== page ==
A posterior nosebleed is a type of bleeding that occurs from the rear or upper nasal cavity. This is typically assumed to be caused by bleeding from the Woodruff's plexus, which is composed of the posterior and superior terminal branches of the sphenopalatine and posterior ethmoidal arteries.

    These are sometimes difficult to manage and are characterized by bleeding from both nostrils or into the nasopharynx, where it is swallowed or vomited up, resulting in hemoptysis. Due to the increased difficulty in regulating the hemorrhage, it might cause a larger flow of blood into the posterior pharynx and a higher risk of airway obstruction or aspiration.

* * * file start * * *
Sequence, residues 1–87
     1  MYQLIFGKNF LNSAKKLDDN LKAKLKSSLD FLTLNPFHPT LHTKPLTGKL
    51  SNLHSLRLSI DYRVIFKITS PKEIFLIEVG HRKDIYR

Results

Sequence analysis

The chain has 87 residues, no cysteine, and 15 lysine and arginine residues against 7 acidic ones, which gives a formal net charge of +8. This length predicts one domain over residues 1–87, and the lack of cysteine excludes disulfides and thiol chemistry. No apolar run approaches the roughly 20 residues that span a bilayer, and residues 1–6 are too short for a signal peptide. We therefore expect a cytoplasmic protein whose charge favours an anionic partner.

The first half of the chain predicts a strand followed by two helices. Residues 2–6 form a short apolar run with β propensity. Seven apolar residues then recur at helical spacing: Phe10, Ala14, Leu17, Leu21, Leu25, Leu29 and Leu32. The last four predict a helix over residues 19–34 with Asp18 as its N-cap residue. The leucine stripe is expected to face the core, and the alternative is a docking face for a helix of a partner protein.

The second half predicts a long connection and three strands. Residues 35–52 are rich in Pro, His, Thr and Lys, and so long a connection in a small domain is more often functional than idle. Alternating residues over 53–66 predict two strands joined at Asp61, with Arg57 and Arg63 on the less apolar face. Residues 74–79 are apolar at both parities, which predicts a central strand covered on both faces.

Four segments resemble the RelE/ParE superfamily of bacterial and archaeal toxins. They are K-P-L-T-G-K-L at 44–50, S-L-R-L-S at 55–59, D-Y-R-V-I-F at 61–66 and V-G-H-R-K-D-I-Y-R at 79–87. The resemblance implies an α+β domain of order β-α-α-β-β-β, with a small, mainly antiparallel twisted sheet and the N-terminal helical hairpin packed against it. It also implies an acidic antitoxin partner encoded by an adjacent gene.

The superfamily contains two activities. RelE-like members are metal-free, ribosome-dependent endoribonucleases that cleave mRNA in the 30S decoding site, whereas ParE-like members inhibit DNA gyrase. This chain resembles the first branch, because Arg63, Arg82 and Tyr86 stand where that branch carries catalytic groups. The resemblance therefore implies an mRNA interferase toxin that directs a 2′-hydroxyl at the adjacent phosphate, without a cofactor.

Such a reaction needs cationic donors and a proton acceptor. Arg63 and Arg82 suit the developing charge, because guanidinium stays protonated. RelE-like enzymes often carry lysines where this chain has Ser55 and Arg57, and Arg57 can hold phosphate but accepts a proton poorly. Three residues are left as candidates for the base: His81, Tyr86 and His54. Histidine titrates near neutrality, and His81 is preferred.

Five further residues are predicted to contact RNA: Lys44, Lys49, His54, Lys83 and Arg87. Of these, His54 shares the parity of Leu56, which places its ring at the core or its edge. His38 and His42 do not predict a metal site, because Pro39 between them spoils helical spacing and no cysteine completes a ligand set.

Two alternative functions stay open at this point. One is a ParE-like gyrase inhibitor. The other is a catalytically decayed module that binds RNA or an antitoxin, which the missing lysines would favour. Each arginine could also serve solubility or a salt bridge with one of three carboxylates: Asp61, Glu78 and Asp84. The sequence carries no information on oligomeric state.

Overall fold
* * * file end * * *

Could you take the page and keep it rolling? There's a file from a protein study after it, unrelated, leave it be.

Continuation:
Types of epistaxis

    There are two types of nosebleeds: anterior (more common), and posterior (less common, but more likely to require medical attention).

     

    Anterior epistaxis (anterior nosebleed)

    Most nosebleeds occur in the anterior part of the nose (Kiesselbach's plexus), and an etiologic vessel can usually be found on careful nasal examination. Epistaxis is most commonly encountered in the pediatric population next to digital trauma.

    Digital irritation to Kiesselbach plexus is a very common source of anterior septal nose bleeds in children, especially during the winter months.

    Causes of anterior epistaxis (anterior nosebleed) include:

    • Improper use of topical nasal sprays resulting in repeated trauma to the epithelium of the septal mucosa from sprays directed medially can cause intermittent epistaxis.
    • Trauma from a foreign body can elicit epistaxis.
    • Rhinorrhea may also be present secondary to an associated foreign body reaction or infection.
    • Postsurgical epistaxis is a common phenomenon that is usually amenable to basic treatments.